Ruth Johnson didn’t know exactly who rang her phone and threatened her around 20 times in 2014. The person on the other end said he was John Edens from the U.S. Marshals with a warrant for her arrest for stealing a car. She was behind on her payments.
It later turned out John Edens didn’t have a warrant, nor was he from law enforcement at all. Instead, he was a debt collector with a history of stalking and domestic violence who had managed to get ahold of Johnson’s phone location data. He did this by pretending to be a U.S. Marshal with the “Georgia Fugitive Task Force” to T-Mobile, which then provided Edens with the location of Johnson’s phone in a handy Google Maps interface—”pinging” the phone, in industry parlance.
“Fearful,” is the word Johnson first used to explain the episode in a phone call with Motherboard. “It was very fearful.”
Motherboard previously reported on Edens’ case using court documents and sources in the bounty hunting industry; Edens was sentenced to one year in prison for impersonating a U.S. officer. Now, Johnson explained in an interview what it was like to have her phone tracked. Her story demonstrates the very real human impact that the black market use and sale of phone location data can have.
“I was very upset with the phone company, because I was under the impression that you had to get [a] court order in order to get information such as that out,” she said. T-Mobile “put my life in danger,” she added.
The harassment was relentless. Edens turned up at Johnson’s place of work. Someone banged on her home’s door at 3 a.m., then Edens turned up on her porch another day. Johnson said her husband had been recently killed and Johnson didn’t know if this harasser was somehow connected to his murder, compounding her fear. Her teenage daughter moved 10 hours away to be with her grandmother, just to feel safe.
“You cost me my family,” Johnson said, referring to T-Mobile.
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In a panicked rush, Johnson ended up moving to a different neighborhood altogether, she added. She gave the car back to the dealership she owed payments to, wanting to avoid any more trouble.
“I put myself in a very uncomfortable situation to get away because this man knew where I lived at. He was sitting outside my door. I was scared,” she said.
Law enforcement who need to access data in an “exigent circumstance,” such as a kidnapping, can ask carriers for a phone’s location information. As court records show, Edens’ scam was somewhat simple. He used a custom domain—”gafugitivetaskforce1.net”—to convince T-Mobile he was a legitimate requester of such data.
“Carriers should check credentials before giving out customers’ location data. Failure to do so is irresponsible and puts their customers in danger,” Eva Galperin, director of cybersecurity at activist group the Electronic Frontier Foundation, and who has extensively researched stalking through technology, said. “There is no question that it is used to perpetuate abuse.”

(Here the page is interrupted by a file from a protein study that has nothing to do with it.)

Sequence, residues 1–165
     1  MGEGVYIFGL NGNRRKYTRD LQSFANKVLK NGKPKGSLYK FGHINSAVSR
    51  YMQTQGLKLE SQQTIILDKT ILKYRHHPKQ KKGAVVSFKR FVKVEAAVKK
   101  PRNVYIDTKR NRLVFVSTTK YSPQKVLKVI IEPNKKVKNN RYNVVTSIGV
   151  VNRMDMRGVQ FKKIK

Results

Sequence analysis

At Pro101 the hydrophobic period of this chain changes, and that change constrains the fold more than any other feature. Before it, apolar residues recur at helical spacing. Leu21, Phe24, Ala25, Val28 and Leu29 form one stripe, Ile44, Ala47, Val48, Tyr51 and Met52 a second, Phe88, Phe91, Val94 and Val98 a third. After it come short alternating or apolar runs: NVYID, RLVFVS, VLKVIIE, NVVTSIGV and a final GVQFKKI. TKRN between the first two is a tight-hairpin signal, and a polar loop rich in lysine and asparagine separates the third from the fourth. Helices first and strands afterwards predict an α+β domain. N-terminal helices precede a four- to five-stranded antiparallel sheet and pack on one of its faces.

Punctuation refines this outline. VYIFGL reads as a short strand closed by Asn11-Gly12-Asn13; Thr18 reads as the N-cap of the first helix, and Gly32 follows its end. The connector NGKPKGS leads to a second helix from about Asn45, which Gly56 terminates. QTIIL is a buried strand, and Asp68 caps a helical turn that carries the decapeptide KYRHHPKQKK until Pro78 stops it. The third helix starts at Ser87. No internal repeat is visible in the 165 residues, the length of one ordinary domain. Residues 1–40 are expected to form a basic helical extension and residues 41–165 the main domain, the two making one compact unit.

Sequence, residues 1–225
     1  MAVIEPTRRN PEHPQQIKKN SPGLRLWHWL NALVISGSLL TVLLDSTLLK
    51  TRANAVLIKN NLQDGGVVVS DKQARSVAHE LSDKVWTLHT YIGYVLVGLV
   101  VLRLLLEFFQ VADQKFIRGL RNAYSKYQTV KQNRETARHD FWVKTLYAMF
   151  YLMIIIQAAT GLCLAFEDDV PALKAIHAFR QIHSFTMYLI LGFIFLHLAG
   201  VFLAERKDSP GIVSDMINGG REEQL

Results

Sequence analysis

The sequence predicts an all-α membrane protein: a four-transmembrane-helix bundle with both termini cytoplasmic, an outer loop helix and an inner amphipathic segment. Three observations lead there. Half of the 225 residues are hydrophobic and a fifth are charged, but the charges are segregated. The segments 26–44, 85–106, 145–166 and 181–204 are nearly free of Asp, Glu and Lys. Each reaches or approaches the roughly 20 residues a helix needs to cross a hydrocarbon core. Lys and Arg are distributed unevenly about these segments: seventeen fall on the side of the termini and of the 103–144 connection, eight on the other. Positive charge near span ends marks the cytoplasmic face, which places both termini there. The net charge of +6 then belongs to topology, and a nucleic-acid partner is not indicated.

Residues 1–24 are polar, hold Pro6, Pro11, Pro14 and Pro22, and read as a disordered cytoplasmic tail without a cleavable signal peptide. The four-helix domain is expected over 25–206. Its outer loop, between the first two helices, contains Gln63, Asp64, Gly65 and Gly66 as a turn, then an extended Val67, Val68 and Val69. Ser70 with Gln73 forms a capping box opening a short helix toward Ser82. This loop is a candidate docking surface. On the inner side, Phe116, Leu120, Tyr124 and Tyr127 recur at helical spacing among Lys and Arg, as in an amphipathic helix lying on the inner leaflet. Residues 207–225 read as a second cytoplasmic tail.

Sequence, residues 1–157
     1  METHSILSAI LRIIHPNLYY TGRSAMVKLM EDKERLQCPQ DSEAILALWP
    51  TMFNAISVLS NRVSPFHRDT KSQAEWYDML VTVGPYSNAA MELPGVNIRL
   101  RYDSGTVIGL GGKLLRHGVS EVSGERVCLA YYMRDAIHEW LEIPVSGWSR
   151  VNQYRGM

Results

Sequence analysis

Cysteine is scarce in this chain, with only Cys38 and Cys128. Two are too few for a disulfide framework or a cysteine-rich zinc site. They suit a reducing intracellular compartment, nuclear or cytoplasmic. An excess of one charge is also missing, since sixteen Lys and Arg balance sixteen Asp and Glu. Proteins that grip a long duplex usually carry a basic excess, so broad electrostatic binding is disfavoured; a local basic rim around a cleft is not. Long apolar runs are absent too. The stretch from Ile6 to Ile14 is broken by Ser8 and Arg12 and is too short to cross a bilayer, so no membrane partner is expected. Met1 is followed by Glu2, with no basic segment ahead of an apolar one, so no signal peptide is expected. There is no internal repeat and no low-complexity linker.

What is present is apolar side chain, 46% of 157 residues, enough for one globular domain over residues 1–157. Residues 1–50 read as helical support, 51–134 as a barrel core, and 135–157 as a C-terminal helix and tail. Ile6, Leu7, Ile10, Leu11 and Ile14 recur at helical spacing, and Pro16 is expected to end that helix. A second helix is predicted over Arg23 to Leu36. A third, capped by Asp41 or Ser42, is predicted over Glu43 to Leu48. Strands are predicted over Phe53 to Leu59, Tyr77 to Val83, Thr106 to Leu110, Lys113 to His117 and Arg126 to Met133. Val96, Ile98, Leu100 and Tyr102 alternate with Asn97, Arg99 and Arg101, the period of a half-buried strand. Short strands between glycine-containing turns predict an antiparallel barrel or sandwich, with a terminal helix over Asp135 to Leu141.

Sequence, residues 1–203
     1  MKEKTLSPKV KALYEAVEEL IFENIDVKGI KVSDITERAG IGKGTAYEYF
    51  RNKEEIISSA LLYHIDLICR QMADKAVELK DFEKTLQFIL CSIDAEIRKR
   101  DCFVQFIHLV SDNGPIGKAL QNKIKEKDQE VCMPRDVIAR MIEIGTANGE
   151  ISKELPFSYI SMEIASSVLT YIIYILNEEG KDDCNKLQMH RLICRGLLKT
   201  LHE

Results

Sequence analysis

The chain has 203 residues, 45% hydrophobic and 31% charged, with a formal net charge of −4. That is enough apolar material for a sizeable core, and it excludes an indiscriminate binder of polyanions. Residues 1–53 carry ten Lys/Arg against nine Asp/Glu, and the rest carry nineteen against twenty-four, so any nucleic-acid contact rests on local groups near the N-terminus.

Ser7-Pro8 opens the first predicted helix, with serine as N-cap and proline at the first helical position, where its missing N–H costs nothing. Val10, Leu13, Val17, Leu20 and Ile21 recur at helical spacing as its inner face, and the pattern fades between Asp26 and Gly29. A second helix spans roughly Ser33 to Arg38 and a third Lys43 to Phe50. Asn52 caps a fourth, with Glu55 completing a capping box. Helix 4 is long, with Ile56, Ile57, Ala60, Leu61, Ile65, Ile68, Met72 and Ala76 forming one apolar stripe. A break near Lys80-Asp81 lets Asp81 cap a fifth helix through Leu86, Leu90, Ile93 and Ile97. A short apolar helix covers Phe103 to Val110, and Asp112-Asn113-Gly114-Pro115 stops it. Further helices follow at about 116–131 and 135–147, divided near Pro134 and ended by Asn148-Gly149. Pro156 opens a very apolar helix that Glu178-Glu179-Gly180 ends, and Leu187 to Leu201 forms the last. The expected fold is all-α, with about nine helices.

Johnson’s case was not a one-off. Edens obtained phone location data on 14 different T-Mobile phone numbers, according to a sentencing memorandum in his case. And Edens isn’t the only person to use this technique to ping phones. In April, prosecutors indicted Matthew Marre for allegedly pinging Verizon, Sprint, and T-Mobile phones throughout 2018 with a similar technique. In a talk presented at the Def Con hacking conference this month, Motherboard published text messages from a third person who allegedly obtained phone location data by pretending to be law enforcement.
And up until recently, AT&T, T-Mobile, Sprint, and Verizon were selling their customers’ location data to data brokers, who would in turn provide it to bounty hunters with little oversight. Documents leaked to Motherboard show that one company was providing real-time location data to around 250 bounty hunters, with evidence of tens of thousands of phone pings.
Asked to respond to Johnson’s case, a T-Mobile spokesperson told Motherboard in an email that “T-Mobile has a specialized legal team that reviews each emergency request from law enforcement for customer information. In rare cases, we receive unlawful requests. When this happens, we immediately investigate and introduce additional safeguards where needed. We also always cooperate with legitimate law enforcement inquiries and investigations into these cases of fraud. We are completely open about our work in this area in our yearly Transparency Report.”
Johnson only discovered her location data had been given out when Valerie McGilvrey, another person who locates those who owe a debt and who Edens confided in about his techniques, told her. McGilvrey recorded one of her conversations with Edens in which he described how he tricked multiple telecoms into handing over location data.
“Those are badass pings, is what they are,” Edens says in the audio recording.
McGilvrey told Motherboard, “the number one reason I turned John Edens in was because he emailed me an Excel spreadsheet of a cell phone account activity that even included location of the device that the target (victim) phone was connected to.”
“[T-Mobile] put my life in danger.”
Johnson laughed when asked if she has since changed how she uses her phone.
“Yes,” she said. “I think somebody is always listening in on conversations; I don’t even carry T-Mobile anymore because of that situation. I switched phone companies because of that situation.” She said she has lost work because she doesn’t deal much with her phone anymore.
“I can understand if it’s a crime committed; by all means, use that,” Johnson said of phone pinging. “But just give out peoples’ information? Absolutely not.” She said she is looking for a lawyer to sue T-Mobile.
If she could be tracked, she wondered: “Who’s safe? Who’s safe?” she said.
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